June 1st opened the 2005 Hurricane Season and already there is tropical activity. As of this entry, Tropical Storm Arlene is churning in the Gulf of Mexico and may develop into a minimal hurricane. The latest report I heard is that maximum sustained winds were at 70 miles per hour. When it reaches 75 miles per hour, it will then be upgraded to a Category 1 hurricane.
For 2005, the Atlantic and Gulf of Mexico hurricanes will have the names Arlene, Bret, Cindy, Dennis, Emily, Franklin, Gert, Harvey, Irene, Jose, Katrina, Lee, Maria, Nate, Ophelia, Philippe, Rita, Stan, Tammy, Vince and Wilma.
Last year, Florida was pounded by four hurricanes resulting in every county in the state sustaining damages of various levels. In north Florida, Hurricane Ivan caused massive amounts of damage for the Alabama and Florida Gulf Coast.
With Tropical Storm Arlene in the Gulf of Mexico, a lot of people are reminded of Hurricane Ivan and the damage it caused.
This is a photo of the I-10 Causeway Bridge over Escambia Bay on the east side of Pensacola, Florida. I’ve driven over this bridge many times and normally the water is about twenty to thirty feet below the roadway but as you can clearly see, Hurricane Ivan’s forces caused the waters of Escambia Bay to actually rise over the concrete slabs and managed to rip several of the slabs off the mountings.
Towards the end of the hurricane, officials found that a truck driver (later identified as Roberto Molina Alvarado) had attempted to drive across the bridge only to run off the bridge due to the missing slabs. They found his body still in the cab of the truck in the water after the hurricane. Most likely the torrential rains reduced visibility to such an extent that he never saw the missing slabs. I also have to wonder if there were roadblocks at the beginning of the bridge that he either drove around or were missing due to the winds. We’ll probably never know for certain.
Here’s photographic evidence of the awesome power of waves created by Hurricane Ivan. This leads me to wonder why is it that whenever a hurricane churns up dangerous waves there are always a handful of mental deficients (i.e. – idiots, morons, imbeciles, insert your favorite appropriate expression) in the water trying to ride the waves on surfboards. I guess it cleans out the gene pool if they drown.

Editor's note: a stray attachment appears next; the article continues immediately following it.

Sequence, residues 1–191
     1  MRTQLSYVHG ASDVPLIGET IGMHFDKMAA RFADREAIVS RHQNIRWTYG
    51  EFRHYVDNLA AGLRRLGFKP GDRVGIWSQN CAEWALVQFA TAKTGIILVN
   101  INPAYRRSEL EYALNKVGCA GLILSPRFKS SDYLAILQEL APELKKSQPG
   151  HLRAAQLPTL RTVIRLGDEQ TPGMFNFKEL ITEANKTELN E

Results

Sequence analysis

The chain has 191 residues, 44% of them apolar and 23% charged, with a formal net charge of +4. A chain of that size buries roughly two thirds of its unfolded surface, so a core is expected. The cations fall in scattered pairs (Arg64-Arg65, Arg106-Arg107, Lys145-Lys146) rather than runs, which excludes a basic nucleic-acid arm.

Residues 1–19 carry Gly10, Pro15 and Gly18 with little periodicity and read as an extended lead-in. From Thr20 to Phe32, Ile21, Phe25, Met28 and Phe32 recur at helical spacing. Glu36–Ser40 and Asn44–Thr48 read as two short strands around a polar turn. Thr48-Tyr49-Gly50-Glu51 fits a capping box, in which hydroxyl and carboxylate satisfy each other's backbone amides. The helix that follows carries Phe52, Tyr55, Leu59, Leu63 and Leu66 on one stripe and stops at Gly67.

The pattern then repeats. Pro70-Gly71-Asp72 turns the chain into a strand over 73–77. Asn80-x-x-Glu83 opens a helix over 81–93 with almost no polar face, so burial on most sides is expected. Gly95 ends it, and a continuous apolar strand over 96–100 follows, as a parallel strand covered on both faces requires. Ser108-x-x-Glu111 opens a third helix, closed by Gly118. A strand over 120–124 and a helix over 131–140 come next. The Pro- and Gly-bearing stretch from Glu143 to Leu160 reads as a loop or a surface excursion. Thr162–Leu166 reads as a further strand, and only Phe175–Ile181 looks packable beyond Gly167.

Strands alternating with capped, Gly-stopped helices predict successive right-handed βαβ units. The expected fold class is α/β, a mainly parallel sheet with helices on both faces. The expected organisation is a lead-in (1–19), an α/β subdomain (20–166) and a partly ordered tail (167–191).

Another frightening aspect of hurricanes are the tornadoes they spawn. This picture if of a tornado that touched down in Panama City Beach, Florida during Hurricane Ivan. A television station, WJHG, which happens to be located not very far from where this picture was taken, captured images of the tornado from the vantage of their tower camera. The amazing video was available on their website for a long time afterwards.
This is Bayfront Parkway in Pensacola, Florida after Hurricane Ivan. The roadway washed away by the tidal surge. This is the same tidal surge that destroyed portions of the Escambia Bay I-10 Causeway bridge.
In Gulf Shores, Alabama, close to where the center of the storm came ashore, wind damage, tidal surge and flooding caused millions of dollars in damage.
This is one of many beachfront properties along the Alabama and Florida coastline destroyed by Hurricane Ivan. The area still has not fully recovered.
Pensacola Beach was hit very hard by the effects of Ivan. Parts of the roadway were completely washed out by the waters. Damage like this was typical all along the Alabama and Florida coastal areas. Repairs are still being made to this day. With Tropical Storm Arlene headed in the same general direction, local residents are definitely reminded of September, 2004.
Debris of all types were flung about by the winds and tidal surge from Hurricane Ivan. The hurricanes winds causing debris to become deadly missiles.
Pictures like these were taken all across Florida as a result of four major huricanes that struck Florida in 2004. Charley, Frances, Ivan and Jeanne were all terribly destructive storms that resulted in millions of dollars of damage and thousands of lives lost. With the 2005 hurricane season underway, we all must be dilligent in case hurricanes strike. Forecasters are predicting a higher-than-normal number of major storms this season and with so much damage still in evidence in Florida, it will be devastating if a major hurricane makes landfall in one of those areas.